Singapore's MAS leaves monetary policy unchanged

The country's central bank observes of a slower economy that is likely to expand at a moderate pace in the coming quarters. Despite some pickup in labour costs, inflationary pressures are mild and should remain contained.

Singapore Source: Bloomberg

Singapore’s central bank left its monetary policy unchanged on Friday, broadly expected by economists, as it observes of a slower economy that is likely to expand at a moderate pace in the coming quarters.

Due to the slower growth, weaker global oil prices, and a stronger impact from the liberalisation of the retail electricity market, the Monetary Authority of Singapore (MAS) downgraded its forecast range for core Inflation this year to 1–2% from the previous 1.5-2.5%.

Against an expected slowdown in global growth, the central bank forecasts Singapore’s economy to expand by 1.5-3.5% this year.

‘MAS will therefore maintain the current rate of appreciation of the Singapore dollar nominal effective exchange rate (S$NEER) policy band. There will be no change to its width and the level at which it is centred. This policy stance is consistent with a modest and gradual appreciation path of the S$NEER policy band that will ensure medium-term price stability,’ it said.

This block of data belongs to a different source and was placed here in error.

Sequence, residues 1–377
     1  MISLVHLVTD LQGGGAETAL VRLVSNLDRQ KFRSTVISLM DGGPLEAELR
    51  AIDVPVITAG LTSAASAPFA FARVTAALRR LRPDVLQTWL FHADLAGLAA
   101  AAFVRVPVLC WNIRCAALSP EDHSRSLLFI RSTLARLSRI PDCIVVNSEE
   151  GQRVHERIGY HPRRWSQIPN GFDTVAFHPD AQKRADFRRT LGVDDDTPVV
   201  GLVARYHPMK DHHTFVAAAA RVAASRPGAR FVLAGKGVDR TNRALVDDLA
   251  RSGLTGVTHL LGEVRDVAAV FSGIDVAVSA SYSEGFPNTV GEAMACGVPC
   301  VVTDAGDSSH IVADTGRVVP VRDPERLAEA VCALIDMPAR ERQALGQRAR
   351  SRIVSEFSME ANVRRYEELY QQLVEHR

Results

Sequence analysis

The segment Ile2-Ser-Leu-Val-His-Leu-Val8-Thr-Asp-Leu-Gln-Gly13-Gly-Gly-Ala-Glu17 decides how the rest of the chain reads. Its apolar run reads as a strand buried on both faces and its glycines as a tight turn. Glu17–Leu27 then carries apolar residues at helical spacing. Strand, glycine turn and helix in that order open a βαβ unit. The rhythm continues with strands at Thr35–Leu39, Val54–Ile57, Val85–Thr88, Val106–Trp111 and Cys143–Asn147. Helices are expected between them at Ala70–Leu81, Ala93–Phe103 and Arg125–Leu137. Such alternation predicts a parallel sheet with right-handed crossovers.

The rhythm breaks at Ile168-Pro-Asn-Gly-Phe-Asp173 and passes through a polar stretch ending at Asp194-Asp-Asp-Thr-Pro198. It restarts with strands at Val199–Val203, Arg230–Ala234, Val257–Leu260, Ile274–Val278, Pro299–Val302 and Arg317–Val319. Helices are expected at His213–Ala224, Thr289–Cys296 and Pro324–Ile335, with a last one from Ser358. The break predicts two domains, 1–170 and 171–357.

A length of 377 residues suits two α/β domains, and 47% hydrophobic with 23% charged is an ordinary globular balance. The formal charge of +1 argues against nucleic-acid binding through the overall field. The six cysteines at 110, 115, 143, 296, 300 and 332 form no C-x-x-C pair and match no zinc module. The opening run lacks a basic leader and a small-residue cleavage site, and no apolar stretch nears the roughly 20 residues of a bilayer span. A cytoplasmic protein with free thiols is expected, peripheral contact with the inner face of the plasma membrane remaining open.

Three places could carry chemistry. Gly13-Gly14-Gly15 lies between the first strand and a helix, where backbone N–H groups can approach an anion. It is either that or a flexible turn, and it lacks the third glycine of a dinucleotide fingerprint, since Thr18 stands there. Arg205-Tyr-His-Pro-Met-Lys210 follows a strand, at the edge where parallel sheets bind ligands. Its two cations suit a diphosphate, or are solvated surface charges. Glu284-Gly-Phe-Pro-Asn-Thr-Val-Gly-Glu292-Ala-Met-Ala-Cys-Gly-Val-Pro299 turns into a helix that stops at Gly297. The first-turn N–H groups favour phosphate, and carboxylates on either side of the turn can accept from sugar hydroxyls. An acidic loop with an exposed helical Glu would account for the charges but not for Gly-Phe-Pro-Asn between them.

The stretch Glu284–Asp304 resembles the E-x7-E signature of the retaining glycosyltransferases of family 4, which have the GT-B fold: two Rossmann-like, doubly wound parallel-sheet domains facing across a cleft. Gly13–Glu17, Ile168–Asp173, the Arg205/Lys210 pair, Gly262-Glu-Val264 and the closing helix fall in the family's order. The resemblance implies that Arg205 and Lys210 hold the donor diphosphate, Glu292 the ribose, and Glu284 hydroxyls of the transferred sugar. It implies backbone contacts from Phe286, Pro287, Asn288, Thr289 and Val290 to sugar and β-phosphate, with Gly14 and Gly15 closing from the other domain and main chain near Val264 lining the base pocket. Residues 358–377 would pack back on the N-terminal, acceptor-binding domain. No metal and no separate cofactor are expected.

Singapore’s economic growth to expand ‘at a moderate pace’

In the bi-annual monetary policy statement, the MAS said Singapore’s economic growth has ‘slowed, and is likely to expand at a modest pace in the coming quarters’.

Advance estimates from the Ministry of Trade and Industry showed the country’s first quarter growth at 1.3%, lower than the fourth quarter’s 1.9% increase and economists’ expectations of a 1.5% gain.

The MAS said the contribution from the manufacturing sector has waned over the last six months, reflecting the maturing of the global electronics cycle and the economic slowdown in China.

Meanwhile, activity in the services sectors stayed firm, supported mainly by financial and business services as well as information and communications services, the MAS said. The construction sector has also recovered from a protracted period of weakness.

Despite some pickup in labour costs, inflationary pressures are mild and should remain contained, it added.

Global growth expected to slow

The growth momentum of the global economy has moderated by more-than-expected at the turn of the year alongside sluggish trade, the MAS said, cautioning that ‘significant uncertainty’ remains over the short-term outlook.

However, the central bank noted that policy stances in China and the United States have become more accommodative, while global financial conditions have eased.

‘All in, global growth for 2019 is forecast to slow, following the strong expansions in the last two years,’ it said.


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